Huge pay rise for Solomons politicians

Solomon Islands Prime Minister Manasseh Sogavare

Members of Parliament in Solomon Islands are due to receive a huge pay rise this year despite the nation’s precarious state of the economy and poor government service delivery.

The pay increase was published in a government gazette last Tuesday.

While the decision is highly likely to infuriate tax-payers and government workers, chair of the Parliament (Entitlement) Commission (PEC), Johnson Siapu says the pay award is long overdue.

“Members of Parliament have not received a pay rise since 2019,” Siapu told In-depth Solomons.

“So they are entitled to get their pay increase this year,” he added.

The new increases would see the prime minister receive an annual salary of $428,560.12 (US$51,288), up from $307,919.52(US$36,945) – an increase of $120,640.60(US$14,474) or 39 percent rise.

The deputy prime minister’s new annual salary will be $385,226.79(US$46,062). This is an increase of $107,486.62 (US$12,890) (or 39 percent) from the old pay of $277,740.17(US$33,309).

Ministers, Leader of Opposition and Leader of the Independent Group will be paid $334,539.33 (US$40,183), up from $242,439.08(US$29,120) – an increase of $92,100.25(US$11, 11,071) or 38 percent.

Standing Committees will all get a new annual salary of $301,894.02(US$36,290). Their last salary was $219,703.37 (US$26,421) – an increase of $82,170.19(US$9,881) or 37 percent.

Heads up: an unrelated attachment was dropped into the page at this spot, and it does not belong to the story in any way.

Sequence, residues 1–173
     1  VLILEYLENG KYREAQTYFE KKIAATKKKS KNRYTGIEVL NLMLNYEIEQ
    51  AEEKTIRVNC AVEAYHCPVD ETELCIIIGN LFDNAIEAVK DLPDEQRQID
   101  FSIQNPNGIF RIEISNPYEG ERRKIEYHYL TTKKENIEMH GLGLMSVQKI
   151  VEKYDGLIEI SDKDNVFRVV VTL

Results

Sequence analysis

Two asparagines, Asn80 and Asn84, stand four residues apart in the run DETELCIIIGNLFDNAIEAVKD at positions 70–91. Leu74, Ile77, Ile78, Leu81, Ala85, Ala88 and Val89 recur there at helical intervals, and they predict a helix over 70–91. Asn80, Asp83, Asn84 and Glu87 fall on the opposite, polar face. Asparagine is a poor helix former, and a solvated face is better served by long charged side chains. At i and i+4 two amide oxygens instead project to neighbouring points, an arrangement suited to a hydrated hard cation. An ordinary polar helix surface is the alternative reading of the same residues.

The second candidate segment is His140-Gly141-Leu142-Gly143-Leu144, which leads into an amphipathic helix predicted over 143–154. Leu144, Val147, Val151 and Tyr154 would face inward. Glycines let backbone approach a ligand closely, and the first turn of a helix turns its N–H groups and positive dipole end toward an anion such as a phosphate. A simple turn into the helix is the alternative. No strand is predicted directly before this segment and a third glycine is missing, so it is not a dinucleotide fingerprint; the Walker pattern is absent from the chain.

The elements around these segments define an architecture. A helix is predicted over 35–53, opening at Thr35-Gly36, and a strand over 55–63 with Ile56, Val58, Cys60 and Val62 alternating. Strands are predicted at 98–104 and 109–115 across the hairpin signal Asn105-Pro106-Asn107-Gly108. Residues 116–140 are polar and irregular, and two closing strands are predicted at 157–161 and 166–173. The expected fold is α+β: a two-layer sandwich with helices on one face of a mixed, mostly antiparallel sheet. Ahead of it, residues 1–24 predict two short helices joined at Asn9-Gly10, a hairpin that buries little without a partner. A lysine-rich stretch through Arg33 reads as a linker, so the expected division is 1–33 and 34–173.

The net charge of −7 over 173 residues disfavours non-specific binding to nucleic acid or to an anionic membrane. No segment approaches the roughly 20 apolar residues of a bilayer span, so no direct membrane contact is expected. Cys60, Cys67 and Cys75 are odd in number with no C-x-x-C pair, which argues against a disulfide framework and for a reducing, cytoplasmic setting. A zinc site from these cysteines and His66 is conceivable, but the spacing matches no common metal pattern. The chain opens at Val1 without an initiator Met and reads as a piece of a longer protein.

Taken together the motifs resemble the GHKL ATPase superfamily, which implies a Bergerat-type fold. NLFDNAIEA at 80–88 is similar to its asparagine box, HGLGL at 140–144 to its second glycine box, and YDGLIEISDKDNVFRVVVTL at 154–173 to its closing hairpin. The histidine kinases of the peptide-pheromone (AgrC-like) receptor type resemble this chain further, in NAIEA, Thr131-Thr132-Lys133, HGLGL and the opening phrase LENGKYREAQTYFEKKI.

Ordinary MPs will receive $272,047.34(US$32,554), up from $198,809.83(US$23,790) – an increase of $73,237.51(US$8,763) or 37 percent.

Other entitlements remain the same.

Siapu says the new salaries will come into effect in April this year.

It comes at a time when government service delivery is at its poorest, whilst families and businesses struggle daily to make ends meet.

The pay rise also comes not long after Finance minister Harry Kuma, in his 2024 budget speech last October, cautioned government ministries to control excessive and potentially unnecessary expenditures on consumables, travel, conferences, seminars, and training that will bear no lasting benefits for the country.

Kuma said in 2024, spending should be on sectors that will boost economic growth or improve tax collection for the national good.

But Siapu adds the decision to award the pay rise this year was based on consultations carried out with stakeholders, including the Central Bank of Solomon Islands (CBSI) and the Ministry of Finance & Treasury.

“The advice we got is that the economy is now ‘okay’.

“We’ve held on to giving our MPs their pay rise since 2019 because of the poor state of the economy, as well as the Pacific Games we’ve hosted last November.

“Now that the games are over and the economy is okay, we decided to award the pay rise,” Siapu said.

He also explained that this is a gross-up salary. 

“What this means is you have the tax component of a basic salary added to the basic. 

“Since their salary is now taxable, once you remove the tax component the total falls back to the basic above.”

Furthermore, Siapu said MPs’ salary can only be increased on three conditions: state of the economy, movements in the level of pay admissible to other persons in employment and changes in the retail price index and other relevant indicators.

“The commission in its findings have confirmed to satisfy the above conditions since 2019 but could not proceed to approving the gross-up salary because of the COVID19 pandemic, which commenced in 2019 and continued into 2021/22.